Animals Don’t Respect Darwin
Living things owe no obligation to Darwin. They will break his laws with reckless abandon.
Is it a law of nature if there are more exceptions than rules? Evolutionists since Darwin took his bait and ran with it, inventing corollaries to his ‘law’ of natural selection and making predictions. Animals aren’t listening. They have laws of their own.
Study shows treeshrews break evolutionary ‘rules’ (Phys.org). The tree shrews of southeast Asia never heard of Bergmann’s rule, and don’t care to. Neither do they care about the evolutionary ‘island rule’ that predicts how animal sizes will evolve on islands. Here’s what these evolutionary rules predict:
The island rule predicts that populations of small mammals evolve larger body size on islands than on the mainland, whereas island-bound large mammals evolve smaller body size than their mainland counterparts. Bergmann’s rule holds that populations of a species in colder climates—generally located at higher latitudes—have larger body sizes than populations in warmer climates, which are usually at lower latitudes.
So what did researchers find out about tree shrews? Looking at 260 specimens collected on offshore islands near the Malay Peninsula over 120 years, they found the animals breaking the law:
They found that the island rule and Bergmann’s rule, which are rarely tested together, do not apply to common treeshrews.
The study revealed no size difference between mainland and island populations. It also revealed that treeshrews invert Bergmann’s rule: individuals from lower latitudes tended to be larger than those located at higher latitudes.
And yet the researchers still believe that their work is critical for “understanding underlying mechanisms of evolutionary patterns.”
The locomotion of hominins in the Pleistocene was just as efficient as that of current humans (Science Daily). Who could forget the iconic “march of man” from the apes? An evolutionary prediction seems to jump out of the sequence: locomotion should be getting better as primates evolve. Not. They walked just fine, this study finds.
Traditionally, it was thought that the leaner skeletons of modern humans reflected biomechanical advantages which made locomotion a more efficient activity. The slimmer pelvis of our species entails greater difficulty for childbirth, but it reduces the force the abductor muscles of the hip have to exert to maintain the stability of the pelvis while walking.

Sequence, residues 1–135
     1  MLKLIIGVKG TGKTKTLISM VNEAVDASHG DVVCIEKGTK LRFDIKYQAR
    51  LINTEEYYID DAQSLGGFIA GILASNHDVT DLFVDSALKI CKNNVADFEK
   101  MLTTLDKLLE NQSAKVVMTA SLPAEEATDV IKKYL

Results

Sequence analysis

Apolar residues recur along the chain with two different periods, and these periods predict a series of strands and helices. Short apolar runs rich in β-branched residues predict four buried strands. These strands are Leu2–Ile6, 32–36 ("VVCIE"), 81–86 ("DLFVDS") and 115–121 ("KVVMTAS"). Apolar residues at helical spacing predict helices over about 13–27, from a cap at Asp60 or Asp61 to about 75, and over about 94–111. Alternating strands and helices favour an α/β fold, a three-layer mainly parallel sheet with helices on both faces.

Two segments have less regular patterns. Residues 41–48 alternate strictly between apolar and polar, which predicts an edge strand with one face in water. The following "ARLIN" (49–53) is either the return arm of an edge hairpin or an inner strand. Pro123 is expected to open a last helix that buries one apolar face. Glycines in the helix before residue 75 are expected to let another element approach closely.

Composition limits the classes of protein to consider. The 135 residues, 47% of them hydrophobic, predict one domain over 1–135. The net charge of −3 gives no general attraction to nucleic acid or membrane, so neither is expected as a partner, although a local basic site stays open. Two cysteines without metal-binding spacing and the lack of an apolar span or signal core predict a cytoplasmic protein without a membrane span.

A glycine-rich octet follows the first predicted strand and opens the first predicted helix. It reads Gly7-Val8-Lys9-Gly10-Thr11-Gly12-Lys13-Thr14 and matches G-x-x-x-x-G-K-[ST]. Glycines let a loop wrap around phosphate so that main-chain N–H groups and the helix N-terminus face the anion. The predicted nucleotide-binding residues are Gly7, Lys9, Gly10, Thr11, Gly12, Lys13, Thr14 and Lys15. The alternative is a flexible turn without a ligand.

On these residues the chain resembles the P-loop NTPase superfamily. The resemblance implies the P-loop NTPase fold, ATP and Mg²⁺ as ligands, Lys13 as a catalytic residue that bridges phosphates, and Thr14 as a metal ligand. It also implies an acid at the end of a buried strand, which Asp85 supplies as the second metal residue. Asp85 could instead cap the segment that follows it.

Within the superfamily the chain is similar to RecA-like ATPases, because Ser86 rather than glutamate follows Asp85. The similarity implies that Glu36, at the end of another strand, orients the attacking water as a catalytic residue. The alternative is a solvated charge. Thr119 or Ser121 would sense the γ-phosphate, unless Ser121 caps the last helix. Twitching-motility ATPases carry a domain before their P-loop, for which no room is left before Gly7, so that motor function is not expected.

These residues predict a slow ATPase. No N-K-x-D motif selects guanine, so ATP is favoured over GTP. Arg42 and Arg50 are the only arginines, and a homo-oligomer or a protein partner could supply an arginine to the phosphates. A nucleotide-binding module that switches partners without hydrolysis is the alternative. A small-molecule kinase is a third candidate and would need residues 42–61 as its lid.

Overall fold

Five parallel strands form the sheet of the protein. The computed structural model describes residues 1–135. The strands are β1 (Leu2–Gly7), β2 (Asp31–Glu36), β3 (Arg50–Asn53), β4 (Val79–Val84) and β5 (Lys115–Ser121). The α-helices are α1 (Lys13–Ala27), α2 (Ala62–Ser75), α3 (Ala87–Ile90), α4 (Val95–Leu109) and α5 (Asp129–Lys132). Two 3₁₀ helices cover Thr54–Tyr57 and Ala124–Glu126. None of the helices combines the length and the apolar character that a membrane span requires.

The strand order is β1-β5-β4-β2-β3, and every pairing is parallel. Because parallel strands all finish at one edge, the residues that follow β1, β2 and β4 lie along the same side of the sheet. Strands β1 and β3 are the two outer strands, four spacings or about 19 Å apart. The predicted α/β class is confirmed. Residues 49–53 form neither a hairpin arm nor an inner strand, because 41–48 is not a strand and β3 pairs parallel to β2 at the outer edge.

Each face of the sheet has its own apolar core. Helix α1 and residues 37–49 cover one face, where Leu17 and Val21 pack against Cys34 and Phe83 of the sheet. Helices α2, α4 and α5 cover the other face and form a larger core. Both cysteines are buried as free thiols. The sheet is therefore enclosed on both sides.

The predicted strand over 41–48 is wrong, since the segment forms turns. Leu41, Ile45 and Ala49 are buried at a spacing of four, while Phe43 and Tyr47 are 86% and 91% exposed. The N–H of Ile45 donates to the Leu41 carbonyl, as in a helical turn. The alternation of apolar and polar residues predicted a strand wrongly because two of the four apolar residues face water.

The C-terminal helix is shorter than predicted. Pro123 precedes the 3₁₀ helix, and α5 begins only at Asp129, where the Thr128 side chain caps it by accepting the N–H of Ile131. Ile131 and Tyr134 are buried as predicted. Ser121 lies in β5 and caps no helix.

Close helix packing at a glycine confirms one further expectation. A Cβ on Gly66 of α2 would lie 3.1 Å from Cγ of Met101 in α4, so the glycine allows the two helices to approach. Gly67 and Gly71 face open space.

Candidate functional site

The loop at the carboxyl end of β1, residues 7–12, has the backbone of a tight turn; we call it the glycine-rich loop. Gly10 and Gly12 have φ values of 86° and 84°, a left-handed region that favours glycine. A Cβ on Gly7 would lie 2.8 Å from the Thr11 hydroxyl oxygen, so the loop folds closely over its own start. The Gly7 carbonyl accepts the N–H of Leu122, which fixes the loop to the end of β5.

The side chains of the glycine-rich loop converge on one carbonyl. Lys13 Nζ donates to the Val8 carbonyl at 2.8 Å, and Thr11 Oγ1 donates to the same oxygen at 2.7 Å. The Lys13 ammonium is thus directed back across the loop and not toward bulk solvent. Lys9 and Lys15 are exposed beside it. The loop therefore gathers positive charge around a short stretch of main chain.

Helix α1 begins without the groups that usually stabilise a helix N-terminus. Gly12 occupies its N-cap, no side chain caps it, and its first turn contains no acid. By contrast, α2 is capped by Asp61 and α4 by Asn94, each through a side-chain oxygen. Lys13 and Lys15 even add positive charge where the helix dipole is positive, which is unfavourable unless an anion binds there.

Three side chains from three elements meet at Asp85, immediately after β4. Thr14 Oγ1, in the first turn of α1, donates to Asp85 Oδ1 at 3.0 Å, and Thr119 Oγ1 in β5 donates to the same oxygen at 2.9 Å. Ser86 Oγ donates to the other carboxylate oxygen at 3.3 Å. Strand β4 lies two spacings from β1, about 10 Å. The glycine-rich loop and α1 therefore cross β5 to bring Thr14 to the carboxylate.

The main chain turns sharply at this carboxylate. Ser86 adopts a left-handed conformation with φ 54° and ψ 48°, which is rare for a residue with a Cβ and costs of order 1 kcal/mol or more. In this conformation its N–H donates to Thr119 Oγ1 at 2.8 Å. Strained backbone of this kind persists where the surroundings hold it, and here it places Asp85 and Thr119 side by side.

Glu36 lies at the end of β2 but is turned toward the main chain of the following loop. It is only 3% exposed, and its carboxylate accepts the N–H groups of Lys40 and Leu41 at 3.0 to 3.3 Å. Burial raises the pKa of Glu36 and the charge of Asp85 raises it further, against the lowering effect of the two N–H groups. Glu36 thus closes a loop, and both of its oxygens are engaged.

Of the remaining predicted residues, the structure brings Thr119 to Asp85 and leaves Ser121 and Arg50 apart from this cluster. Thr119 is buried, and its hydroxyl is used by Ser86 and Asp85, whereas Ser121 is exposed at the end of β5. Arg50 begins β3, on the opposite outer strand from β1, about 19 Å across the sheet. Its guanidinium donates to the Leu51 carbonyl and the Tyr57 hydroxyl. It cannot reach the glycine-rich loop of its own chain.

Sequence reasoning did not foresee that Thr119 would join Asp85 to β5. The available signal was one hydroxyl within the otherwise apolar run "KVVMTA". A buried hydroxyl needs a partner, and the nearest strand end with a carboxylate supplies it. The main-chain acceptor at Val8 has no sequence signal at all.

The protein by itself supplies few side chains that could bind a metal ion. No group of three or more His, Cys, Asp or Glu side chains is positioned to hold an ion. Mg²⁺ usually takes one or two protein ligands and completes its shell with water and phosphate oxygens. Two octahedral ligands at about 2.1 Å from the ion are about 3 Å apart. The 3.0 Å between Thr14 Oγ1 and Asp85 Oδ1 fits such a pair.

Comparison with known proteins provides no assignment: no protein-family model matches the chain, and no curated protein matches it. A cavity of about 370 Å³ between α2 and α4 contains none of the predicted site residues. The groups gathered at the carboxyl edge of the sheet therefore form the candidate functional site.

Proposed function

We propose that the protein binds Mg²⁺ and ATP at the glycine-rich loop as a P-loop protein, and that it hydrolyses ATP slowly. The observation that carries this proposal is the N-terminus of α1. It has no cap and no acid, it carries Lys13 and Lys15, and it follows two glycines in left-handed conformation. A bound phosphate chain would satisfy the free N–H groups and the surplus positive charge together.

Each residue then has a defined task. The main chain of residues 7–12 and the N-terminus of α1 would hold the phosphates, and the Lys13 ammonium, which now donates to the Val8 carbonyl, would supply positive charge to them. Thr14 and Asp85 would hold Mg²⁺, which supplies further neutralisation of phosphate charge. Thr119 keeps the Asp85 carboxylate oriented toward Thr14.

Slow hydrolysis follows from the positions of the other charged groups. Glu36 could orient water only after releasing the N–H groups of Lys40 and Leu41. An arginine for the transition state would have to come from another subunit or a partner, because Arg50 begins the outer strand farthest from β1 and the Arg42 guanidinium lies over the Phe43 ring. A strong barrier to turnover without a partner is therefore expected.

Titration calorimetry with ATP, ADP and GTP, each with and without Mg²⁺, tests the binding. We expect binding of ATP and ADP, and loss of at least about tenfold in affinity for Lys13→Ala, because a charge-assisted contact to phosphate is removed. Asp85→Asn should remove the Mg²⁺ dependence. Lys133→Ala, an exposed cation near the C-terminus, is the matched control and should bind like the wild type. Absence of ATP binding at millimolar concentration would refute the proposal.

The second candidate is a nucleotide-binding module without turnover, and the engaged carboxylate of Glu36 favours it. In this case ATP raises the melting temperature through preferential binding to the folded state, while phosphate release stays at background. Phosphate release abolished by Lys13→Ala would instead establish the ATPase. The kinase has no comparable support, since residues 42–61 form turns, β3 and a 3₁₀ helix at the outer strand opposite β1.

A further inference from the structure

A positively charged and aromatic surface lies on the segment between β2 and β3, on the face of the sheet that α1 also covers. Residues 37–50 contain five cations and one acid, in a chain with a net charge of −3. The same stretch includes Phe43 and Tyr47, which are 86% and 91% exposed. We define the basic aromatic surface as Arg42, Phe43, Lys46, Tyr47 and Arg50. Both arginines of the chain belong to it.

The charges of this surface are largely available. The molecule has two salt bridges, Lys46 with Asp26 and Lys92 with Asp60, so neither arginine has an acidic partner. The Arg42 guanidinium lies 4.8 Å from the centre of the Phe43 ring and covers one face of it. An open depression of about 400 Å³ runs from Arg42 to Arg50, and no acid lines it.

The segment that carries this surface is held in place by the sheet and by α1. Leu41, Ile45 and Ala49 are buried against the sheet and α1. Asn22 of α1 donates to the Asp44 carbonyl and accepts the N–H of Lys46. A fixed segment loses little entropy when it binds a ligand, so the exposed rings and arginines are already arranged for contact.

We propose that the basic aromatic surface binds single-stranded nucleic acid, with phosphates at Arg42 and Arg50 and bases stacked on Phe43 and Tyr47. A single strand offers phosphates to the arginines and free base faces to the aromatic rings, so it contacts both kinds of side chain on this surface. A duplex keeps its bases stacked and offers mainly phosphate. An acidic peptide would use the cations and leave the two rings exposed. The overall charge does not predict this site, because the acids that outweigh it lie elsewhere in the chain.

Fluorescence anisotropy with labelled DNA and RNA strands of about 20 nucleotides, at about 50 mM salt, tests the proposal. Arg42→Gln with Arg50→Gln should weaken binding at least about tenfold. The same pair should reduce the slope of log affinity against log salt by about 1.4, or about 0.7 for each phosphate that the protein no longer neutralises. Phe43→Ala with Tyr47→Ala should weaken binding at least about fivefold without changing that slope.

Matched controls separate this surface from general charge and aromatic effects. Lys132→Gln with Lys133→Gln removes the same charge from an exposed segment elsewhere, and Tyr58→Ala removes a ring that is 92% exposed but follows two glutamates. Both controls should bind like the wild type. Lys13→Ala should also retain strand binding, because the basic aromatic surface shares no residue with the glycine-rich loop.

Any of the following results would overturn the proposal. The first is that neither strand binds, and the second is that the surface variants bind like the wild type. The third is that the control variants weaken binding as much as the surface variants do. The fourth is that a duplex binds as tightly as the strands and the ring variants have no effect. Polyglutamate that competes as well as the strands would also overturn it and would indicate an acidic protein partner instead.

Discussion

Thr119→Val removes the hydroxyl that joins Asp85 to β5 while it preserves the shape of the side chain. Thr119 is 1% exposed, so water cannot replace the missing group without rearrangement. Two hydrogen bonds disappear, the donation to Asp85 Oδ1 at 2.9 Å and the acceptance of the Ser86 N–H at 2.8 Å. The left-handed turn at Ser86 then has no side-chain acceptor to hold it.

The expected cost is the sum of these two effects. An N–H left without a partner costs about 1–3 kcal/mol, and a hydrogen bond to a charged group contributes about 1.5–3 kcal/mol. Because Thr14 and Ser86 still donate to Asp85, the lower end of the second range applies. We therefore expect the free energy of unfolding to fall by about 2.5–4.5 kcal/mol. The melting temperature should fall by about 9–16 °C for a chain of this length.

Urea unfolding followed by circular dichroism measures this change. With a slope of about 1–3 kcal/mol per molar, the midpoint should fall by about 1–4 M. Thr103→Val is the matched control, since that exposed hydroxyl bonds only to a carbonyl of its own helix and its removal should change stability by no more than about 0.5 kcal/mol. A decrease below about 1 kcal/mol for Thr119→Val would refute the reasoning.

Nevertheless, as Marco Vidal Cordasco, lead author of this article, entitled Energetic cost of walking in fossil hominins, explains: “That doesn’t imply that the hominins with wider pelvises expend more energy walking. In fact, the results obtained show that wider pelvises, at the height of the iliac crest, allow the energy cost of locomotion to be significantly lower.“
Is the iconic march heading the wrong way? The lesson seems to be that we would be better off doing the hominin walk.
A classic Darwinian ecological hypothesis holds up — with a twist (Science Daily). This headline needs translation from Darwinese, which tends to make Charlie look good. A better translation might be, “A twist on a classic Darwinian ecological hypothesis turns it sideways.” The leading paragraphs also need translation:
New University of Colorado Boulder-led research shows that a long-held hypothesis about the factors that govern species ranges largely holds true, but may be the result of a previously underappreciated ecological mechanism.
The prediction, first iterated by Charles Darwin in 1859, holds that climate factors will limit species expansion in more stressful environments (such as cold or dry regions), but that interactions with other species, like competition and pollination, will limit a species range in less stressful environments, where the climate is more temperate.
It’s a prediction fluid enough to be confirmed by anything, and that’s what the researchers at the University of Colorado at Boulder found: “there is a nuance to the commonly held model,” which means that the model is flawed. The research lead says, “Darwin and others have said that what drives this pattern is gradients in density or diversity of interacting species, but instead it seems to be effects of stress on growth, survival, reproduction and germination of the plant species.” If you look at the reported results, Darwin’s prediction works, except when it doesn’t. Quick! Distract the reader with talk of climate change!
The Stuff Happens Law (natural selection) is flexible enough to absorb any blow to the Darwinian web of belief. No matter the anomaly, Darwinism always survives the blows. The Darwinians never lose faith. They just say that the latest research helps increase their “understanding” of evolutionary processes. We ought to ask whether they understand anything. Remember the fallacy of confirmation bias? That, too, works—except when it doesn’t.